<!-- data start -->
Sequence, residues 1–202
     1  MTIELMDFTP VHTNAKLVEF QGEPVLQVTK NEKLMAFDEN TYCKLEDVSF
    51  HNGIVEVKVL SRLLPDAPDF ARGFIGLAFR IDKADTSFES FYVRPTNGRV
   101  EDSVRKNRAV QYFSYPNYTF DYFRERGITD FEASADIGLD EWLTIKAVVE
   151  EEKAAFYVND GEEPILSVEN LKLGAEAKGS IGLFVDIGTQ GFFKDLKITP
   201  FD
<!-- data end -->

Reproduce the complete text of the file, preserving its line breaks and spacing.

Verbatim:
Sequence, residues 1–202
     1  MTIELMDFTP VHTNAKLVEF QGEPVLQVTK NEKLMAFDEN TYCKLEDVSF
    51  HNGIVEVKVL SRLLPDAPDF ARGFIGLAFR IDKADTSFES FYVRPTNGRV
   101  EDSVRKNRAV QYFSYPNYTF DYFRERGITD FEASADIGLD EWLTIKAVVE
   151  EEKAAFYVND GEEPILSVEN LKLGAEAKGS IGLFVDIGTQ GFFKDLKITP
   201  FD